As the DFW Writers’ Conference quickly approaches (it’s in 5.5 days), I’m quickly reminded that it’s not just the editors, agents, and other publishing folks that get excited. The writers are even more enthusiastic. These conferences wouldn’t happen unless writers wanted to attend them, right?
Knowing this can be a nerve-wracking experience for some individuals, here’s a checklist of things to do and to expect:
1. Get lots of rest the days leading into a writing conference, as well as during the conference. Most conferences are at least two days long, sometimes longer. So much will be discussed in a short period of time, that it’s easy to feel exhausted and feel a sense of “information overload. ” The more rested the attendee, the better the experience. Trust me on this.
2. Try to make new friends. Oftentimes I’ve met individuals who travelled solo to a conference. It can feel lonely to not have a friend to discuss all the cool things learned while the conference is happening. Make a point of introducing yourself to the people around you, maybe get coffee together, maybe even dinner! It’ll significantly enhance the overall experience.
3. Writing Conferences offer the opportunity to learn more about the world of publishing, as well as the chance to get one’s book idea critiqued. This is supposed to be a positive learning experience. Anything above and beyond this will be the extra icing on the figurative cake.
4. A writing conference offers an opportunity to build (or add to) one’s network. This includes meeting other writers (whom you can discuss this experience with), to meeting individuals (who can help further expand your platform), and more.
4. Publishing folks are just like you (the writer). We put our pants on one leg at a time, have forgetful moments, love books, and more. If you do sign up for one-on-one consultations, try to not panic beforehand. We’re just as excited about meeting you. Don’t let the nerves affect an otherwise educational (and fun!) experience.
5. Enjoy the few quiet moments at a conference, when they are available. Remember my advice on resting beforehand? The same goes for those small periods of time during one’s conference schedule. With all of the classes, presentations, and lectures, it’ll keep the head clear. (I personally bring a book of crosswords with me wherever I go, as that’s my own personal method of clearing the head and “relaxing.”)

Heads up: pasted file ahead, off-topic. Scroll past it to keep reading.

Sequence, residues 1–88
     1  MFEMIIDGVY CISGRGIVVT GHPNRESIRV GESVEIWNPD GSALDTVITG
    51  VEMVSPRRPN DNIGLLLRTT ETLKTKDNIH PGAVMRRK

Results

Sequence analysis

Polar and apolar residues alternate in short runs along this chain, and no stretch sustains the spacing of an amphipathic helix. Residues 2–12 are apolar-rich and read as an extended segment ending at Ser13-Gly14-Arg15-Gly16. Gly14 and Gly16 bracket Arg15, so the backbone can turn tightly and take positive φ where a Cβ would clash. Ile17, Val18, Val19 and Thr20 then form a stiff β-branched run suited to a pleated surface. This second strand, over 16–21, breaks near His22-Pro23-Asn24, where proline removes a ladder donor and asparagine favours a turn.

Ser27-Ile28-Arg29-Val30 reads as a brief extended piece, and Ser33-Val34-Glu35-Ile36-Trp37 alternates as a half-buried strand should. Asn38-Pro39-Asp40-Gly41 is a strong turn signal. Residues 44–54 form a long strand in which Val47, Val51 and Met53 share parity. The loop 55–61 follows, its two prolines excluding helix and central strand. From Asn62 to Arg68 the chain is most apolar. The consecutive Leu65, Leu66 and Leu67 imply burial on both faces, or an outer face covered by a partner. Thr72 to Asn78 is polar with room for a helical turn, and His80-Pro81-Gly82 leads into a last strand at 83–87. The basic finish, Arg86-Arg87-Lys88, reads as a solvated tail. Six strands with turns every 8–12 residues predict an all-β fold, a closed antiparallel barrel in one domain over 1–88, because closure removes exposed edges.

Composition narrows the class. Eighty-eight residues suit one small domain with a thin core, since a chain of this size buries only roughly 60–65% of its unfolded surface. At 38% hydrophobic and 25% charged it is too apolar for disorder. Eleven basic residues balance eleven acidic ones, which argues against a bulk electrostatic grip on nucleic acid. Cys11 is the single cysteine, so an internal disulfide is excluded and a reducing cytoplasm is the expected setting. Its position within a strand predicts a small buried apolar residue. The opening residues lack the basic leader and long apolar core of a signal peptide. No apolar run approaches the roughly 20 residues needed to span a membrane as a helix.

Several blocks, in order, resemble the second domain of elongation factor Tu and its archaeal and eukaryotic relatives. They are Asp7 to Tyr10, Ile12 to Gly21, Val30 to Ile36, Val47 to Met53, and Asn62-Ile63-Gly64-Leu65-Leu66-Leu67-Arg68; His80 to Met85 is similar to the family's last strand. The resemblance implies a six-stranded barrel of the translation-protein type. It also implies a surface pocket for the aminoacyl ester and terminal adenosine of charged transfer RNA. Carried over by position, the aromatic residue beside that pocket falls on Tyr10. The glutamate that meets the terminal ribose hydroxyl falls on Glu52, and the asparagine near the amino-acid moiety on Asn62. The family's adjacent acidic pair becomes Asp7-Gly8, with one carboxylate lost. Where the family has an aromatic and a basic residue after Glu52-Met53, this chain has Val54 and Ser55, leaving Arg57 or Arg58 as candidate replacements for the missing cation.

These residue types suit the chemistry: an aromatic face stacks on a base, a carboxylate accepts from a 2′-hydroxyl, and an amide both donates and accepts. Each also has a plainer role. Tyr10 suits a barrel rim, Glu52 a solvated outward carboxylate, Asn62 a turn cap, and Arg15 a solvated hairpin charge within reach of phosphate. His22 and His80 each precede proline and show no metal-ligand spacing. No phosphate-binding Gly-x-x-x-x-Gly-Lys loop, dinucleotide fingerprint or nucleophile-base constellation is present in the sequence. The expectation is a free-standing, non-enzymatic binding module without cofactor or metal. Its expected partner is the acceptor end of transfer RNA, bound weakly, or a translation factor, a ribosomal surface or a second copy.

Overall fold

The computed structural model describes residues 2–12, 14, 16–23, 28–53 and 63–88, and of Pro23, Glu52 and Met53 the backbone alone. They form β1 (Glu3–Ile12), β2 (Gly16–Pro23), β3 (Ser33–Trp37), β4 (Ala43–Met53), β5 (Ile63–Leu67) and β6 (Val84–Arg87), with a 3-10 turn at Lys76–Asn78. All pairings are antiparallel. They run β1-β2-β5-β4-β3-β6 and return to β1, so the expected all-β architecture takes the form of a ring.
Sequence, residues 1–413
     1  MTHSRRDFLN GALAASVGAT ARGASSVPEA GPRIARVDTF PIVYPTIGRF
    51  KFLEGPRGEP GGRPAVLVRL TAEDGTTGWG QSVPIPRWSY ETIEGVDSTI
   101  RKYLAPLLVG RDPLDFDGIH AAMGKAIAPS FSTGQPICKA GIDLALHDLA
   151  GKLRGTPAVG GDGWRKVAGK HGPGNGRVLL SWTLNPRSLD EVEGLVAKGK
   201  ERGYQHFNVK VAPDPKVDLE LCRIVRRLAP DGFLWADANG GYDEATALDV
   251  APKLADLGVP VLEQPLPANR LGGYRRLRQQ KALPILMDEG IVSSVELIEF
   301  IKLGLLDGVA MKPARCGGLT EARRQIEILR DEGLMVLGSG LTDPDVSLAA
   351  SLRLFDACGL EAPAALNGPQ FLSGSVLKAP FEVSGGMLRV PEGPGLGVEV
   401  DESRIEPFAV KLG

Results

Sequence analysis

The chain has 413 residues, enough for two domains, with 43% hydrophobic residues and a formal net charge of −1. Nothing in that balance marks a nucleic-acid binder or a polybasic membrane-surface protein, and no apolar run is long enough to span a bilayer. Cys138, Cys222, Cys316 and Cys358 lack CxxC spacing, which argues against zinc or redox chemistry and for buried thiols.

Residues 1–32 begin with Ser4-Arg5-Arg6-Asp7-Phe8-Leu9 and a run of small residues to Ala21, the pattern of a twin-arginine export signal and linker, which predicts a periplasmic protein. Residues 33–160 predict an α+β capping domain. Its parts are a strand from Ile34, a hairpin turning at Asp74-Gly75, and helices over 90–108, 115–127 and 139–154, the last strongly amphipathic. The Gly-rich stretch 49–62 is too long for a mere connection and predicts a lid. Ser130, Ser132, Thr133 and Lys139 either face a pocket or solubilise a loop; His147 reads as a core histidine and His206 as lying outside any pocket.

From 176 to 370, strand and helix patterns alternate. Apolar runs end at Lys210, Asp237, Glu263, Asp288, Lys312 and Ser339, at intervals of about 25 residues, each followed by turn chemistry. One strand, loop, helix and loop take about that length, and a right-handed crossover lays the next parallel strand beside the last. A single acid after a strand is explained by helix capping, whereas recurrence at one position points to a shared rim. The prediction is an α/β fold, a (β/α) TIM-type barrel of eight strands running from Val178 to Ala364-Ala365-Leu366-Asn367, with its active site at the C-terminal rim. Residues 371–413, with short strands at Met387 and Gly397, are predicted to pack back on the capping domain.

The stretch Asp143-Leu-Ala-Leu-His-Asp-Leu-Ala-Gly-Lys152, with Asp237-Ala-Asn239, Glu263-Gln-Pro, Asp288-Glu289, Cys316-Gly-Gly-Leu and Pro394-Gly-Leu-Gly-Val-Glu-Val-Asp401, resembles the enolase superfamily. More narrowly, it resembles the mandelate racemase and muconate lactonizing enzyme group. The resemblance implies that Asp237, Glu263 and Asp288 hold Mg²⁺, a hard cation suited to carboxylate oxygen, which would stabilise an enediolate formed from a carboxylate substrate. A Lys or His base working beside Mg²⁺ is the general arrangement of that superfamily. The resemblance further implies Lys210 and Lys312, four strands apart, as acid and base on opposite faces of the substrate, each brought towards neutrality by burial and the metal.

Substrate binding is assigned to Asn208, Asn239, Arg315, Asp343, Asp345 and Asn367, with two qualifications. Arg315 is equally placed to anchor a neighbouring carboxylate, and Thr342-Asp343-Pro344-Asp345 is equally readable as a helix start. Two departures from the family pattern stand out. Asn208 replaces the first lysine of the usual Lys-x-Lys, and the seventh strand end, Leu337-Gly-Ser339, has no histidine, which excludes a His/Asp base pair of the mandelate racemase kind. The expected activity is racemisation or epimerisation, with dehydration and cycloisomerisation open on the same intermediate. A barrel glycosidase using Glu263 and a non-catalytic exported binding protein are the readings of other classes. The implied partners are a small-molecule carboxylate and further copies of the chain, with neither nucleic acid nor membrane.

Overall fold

6. Most importantly, always remember if you happen to find an agent or editor (to work with) at a conference, fantastic! Otherwise, this is a great chance to get some fantastic advice from experienced publishing professionals, so that there’s a stronger success rate in finding an agent (in the future.)
For anyone that I’ll be seeing in a few days, know that I’m honored and excited to meet you! It’ll be a great time, and I promise to not drink too much coffee during the conference, and to get my rest in advance. 🙂
Thanks for this awesome post!! See you at dfwcon 🙂
[…] stress. Sometimes something lovely comes across, such as this blog post by agent Dawn Frederick: Writing Conference Preparation. I encourage you all to read it. Other DFWcon posts that have gone live since last I wrote a […]
I’m not a very social person, so I always have trouble getting out and meeting people at conventions and the such, but I always try to “do better” because it NEVER hurts to meet new people in the business and grow your network! 🙂
[…] it will have greater benefits for your writing career. Additionally here are previous posts about preparation for writing conferences, as well as things to do after attending a […]